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Prove: $$\lim_{n\to\infty}r^n = +\infty\,, r > 1;$$ $$\lim_{n\to\infty}r^n = 0\,, 0 \le r < 1.$$

I am not quite sure how to prove this, but once someone proves it I will make sure to ask questions if I'm in doubt. Thank you very much! :)

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Proofs of the second fact are on this ProofWiki page. Proofs that the first follows from the second are on this page. –  Lord_Farin Oct 12 '12 at 21:01
    
You assume $r>0$? –  lhf Oct 12 '12 at 21:03

3 Answers 3

up vote 1 down vote accepted

Perhaps one can add something to the answer by lhf for the case $0\lt r\lt 1$.

For such an $r$, let $r=\dfrac{1}{1+x}$. Then $x \gt 0$. Now go to the answer by lhf.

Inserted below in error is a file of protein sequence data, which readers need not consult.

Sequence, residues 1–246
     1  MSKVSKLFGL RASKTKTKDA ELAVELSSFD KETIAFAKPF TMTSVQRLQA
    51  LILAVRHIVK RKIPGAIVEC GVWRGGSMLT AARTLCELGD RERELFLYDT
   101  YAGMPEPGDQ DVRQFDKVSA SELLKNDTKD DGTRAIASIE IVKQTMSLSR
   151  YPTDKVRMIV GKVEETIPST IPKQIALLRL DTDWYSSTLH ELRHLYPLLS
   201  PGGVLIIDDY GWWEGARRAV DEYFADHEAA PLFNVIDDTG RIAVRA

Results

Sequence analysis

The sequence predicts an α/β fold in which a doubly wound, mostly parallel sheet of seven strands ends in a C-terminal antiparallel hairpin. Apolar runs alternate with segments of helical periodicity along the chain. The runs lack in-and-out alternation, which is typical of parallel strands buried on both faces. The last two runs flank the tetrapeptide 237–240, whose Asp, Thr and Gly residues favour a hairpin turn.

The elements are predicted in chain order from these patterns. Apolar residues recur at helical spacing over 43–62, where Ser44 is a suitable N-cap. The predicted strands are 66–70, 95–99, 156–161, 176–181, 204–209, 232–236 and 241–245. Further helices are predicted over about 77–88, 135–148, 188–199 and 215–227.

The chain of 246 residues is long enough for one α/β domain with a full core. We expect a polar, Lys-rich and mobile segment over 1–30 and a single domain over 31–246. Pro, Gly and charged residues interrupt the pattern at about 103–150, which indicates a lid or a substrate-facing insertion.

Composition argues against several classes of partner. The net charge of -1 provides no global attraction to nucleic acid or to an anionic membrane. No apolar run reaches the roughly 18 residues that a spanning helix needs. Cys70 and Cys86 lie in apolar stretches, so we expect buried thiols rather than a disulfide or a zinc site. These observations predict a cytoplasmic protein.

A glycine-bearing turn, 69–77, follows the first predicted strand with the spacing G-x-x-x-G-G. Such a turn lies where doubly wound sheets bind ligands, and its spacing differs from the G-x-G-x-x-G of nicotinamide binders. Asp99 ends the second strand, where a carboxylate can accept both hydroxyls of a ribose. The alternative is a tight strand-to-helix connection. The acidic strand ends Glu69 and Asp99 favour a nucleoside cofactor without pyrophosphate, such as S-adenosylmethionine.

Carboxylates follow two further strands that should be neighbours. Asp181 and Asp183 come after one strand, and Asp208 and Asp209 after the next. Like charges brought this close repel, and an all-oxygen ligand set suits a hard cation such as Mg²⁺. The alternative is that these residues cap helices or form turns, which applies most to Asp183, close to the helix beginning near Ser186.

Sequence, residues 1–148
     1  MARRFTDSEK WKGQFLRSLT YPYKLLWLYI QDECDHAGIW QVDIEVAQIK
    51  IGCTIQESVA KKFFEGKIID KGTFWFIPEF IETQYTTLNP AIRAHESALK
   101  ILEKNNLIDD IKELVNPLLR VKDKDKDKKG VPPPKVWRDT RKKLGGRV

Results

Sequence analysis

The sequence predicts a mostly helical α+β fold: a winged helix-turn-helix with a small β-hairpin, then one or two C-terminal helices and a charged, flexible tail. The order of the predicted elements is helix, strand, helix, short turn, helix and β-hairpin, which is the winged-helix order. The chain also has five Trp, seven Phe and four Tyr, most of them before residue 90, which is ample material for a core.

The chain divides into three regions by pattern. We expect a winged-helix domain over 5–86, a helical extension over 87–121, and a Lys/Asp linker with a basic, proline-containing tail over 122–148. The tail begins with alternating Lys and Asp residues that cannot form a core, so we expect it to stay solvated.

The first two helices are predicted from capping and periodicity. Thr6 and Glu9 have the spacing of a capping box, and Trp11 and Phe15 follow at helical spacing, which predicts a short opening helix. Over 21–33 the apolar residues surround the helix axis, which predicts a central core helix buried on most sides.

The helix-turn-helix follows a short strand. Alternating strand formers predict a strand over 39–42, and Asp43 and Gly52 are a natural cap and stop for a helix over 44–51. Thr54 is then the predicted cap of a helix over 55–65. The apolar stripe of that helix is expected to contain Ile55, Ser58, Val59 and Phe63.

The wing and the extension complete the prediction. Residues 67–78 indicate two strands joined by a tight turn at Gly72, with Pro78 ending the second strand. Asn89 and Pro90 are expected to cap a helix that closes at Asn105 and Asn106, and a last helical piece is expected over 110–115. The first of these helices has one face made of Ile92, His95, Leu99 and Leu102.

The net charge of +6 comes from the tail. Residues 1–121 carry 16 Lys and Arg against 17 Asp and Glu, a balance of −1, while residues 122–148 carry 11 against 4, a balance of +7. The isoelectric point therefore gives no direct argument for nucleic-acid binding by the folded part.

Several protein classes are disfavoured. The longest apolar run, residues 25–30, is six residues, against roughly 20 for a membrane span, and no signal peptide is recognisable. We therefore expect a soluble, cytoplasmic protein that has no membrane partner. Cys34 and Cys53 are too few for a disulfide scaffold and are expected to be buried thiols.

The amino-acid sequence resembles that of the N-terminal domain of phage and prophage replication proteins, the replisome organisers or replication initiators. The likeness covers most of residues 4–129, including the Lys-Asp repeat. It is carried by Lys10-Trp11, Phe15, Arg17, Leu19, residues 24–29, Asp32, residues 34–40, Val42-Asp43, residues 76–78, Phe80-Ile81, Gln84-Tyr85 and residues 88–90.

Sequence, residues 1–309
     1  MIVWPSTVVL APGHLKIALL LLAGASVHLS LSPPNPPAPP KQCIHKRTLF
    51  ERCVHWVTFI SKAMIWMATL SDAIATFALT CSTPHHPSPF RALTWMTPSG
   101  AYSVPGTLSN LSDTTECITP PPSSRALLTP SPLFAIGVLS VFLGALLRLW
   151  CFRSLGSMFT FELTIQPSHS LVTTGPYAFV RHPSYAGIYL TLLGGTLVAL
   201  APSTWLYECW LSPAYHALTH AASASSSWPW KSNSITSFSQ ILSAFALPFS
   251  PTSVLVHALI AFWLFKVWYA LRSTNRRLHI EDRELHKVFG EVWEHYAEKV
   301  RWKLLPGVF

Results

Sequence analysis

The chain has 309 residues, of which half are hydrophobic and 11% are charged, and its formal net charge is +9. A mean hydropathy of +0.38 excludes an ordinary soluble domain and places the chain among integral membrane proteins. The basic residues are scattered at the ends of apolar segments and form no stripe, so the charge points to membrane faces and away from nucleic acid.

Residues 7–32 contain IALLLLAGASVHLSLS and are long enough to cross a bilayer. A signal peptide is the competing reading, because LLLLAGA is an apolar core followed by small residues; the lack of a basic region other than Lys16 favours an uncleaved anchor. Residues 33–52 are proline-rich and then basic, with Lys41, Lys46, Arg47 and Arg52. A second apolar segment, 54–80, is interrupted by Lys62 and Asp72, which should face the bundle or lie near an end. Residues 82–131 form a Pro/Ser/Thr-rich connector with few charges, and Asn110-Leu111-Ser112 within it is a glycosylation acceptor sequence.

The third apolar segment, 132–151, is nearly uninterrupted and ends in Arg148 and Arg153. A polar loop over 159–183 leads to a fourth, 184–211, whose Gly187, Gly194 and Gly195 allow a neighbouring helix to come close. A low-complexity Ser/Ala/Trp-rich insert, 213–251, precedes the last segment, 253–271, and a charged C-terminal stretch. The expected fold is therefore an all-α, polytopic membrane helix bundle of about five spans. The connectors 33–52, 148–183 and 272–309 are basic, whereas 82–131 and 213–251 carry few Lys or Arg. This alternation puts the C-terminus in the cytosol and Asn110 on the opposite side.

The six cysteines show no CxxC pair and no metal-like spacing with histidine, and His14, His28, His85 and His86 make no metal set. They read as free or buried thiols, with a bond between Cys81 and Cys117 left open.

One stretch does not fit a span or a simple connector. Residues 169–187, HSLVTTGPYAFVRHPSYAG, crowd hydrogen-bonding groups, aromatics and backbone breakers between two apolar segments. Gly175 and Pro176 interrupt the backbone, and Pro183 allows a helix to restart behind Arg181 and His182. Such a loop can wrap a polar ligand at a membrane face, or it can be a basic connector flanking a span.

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I first saw the proof that $r^n \to 0$ if $0 \le r < 1$ and $r^n \to \infty$ if $r > 1$ in Courant and Robbin's "What is Mathematics?" many years ago. As stated by others, the proof uses Bernoulli's inequality and, implicitly, Archimede's axiom about the real numbers.

They also have a simple proof that $n^{1/n} \to 1$ as integer $n \to \infty$.

One nice thing about these proofs is that all the bounds are explicit and easily computable.

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Hint: Use Bernoulli's inequality: $$ (1+x)^n \ge 1 + nx \quad \mbox{for $x\ge 0$} $$ This can be proven by induction.

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And of course this would work for both of them :) –  N. S. Oct 12 '12 at 21:06

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